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Prop 30 Means More Classes for Mt. SAC Students

The funding from the passage of the tax-hike measure is enabling the college to add 130 class sections this spring semester.

The passage of Proposition 30 means more class offerings for Mt. San Antonio College students.

College officials announced this week that funding provided by the passage of the measure in November has enabled the campus to add 130 classes.  Those additional sections will open up 4,000 seats in classes, providing access to 1,000 students, officials said. Online registration for the spring semester began Wednesday.

“The passage of Proposition 30 not only saved us from cuts totaling $8.6 million, but provided $1 million in new money for Mt. SAC to add 130 course sections for the spring semester,” said Mt. SAC President Bill Scroggins in a news release. “If Prop. 30 had failed, Mt SAC would have denied access to over 8,000 students. Instead, with this new Prop. 30 money, we will be opening our doors to 1,000 more students.”

Proposition 30, also referred to as the School and Safety Protection Act, involves a four-year, quarter-cent increase to the state’s sales tax. The measure, which earned just over 55 percent of the vote in the November election, also raises personal income tax on Californians who earn more than $250,000 a year for the next seven years.

Some local school districts, including Walnut Valley Unified, have said that the passage of .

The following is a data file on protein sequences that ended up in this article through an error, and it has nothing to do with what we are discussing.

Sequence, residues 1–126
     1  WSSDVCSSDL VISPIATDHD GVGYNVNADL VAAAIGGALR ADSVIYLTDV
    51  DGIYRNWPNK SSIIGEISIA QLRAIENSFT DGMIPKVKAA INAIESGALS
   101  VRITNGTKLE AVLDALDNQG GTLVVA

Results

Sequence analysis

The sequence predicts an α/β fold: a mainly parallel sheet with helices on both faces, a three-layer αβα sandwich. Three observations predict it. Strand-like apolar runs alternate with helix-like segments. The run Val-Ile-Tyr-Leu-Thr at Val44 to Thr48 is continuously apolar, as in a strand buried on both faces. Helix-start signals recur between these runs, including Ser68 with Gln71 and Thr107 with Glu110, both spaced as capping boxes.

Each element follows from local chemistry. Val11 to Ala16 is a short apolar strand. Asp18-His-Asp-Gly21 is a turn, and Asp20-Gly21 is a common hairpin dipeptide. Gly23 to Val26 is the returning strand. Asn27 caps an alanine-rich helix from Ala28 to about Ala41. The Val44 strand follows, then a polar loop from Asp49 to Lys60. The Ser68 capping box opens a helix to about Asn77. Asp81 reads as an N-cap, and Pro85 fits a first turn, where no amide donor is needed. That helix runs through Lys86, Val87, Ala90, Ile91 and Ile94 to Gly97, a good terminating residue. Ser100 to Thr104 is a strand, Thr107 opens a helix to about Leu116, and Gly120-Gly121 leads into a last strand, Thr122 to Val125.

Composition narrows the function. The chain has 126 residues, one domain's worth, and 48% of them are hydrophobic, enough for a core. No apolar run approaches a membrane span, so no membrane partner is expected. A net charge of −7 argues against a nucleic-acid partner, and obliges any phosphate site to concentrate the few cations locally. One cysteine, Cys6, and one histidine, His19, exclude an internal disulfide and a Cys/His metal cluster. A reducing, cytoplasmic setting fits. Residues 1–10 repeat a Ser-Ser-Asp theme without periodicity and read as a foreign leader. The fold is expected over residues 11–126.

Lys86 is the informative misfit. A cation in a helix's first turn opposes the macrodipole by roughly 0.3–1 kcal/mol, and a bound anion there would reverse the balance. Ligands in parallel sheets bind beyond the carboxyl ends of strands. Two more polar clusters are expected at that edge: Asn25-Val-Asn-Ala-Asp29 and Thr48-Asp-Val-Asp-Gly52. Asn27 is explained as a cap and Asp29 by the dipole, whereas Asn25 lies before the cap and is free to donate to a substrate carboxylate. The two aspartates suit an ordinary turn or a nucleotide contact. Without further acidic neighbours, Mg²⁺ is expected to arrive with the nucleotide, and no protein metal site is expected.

Community colleges apprear to have fared better.

Mt. SAC plans to add sections in the areas of highest demand to aid students trying to complete transfer requirements, finish courses for degrees and certificates, or accelerate their progress through writing, math, and reading classes, officials said.

Also to be added are classes in chemistry, biology, math, English, and speech, as well as general education courses needed for transfer, including political science, history, earth sciences, and psychology. The spring schedule also will included additional career preparation classes in nursing, child development, and hotel and restaurant management.

“It is the college's goal to support students in their need to meet their educational goals in a more timely way and to provide courses for students needing to begin their education at Mt. SAC,” said Mt. SAC Vice President of Instruction Virginia Burley.

The college plans to print the added classes in an addendum to the spring class schedule and make that available on the Mt. SAC website and the student portal next week.

The spring semester begins Feb. 25.



alan haskvitz January 19, 2013 at 02:03 AM
Vito, In regard to your comments about kids who are smart going to four year colleges and the others go to community colleges: I went to junior college and my best friends went to junior college. It isn't about being bright, it is about not having the financial means. It is also about wanting to take the opportunity to explore different options not necessarily available at four year colleges such as aviation. It also gives students a chance to get used to a college setting and classes. That is why they do well when they transfer to four year schools. Oh, my best friends include the president of a major college university, head of an airline, and a presidential appointment. Proud to say that I was Chaffey College's outstanding alumnus whose parents were farm workers.
Michael January 19, 2013 at 02:33 AM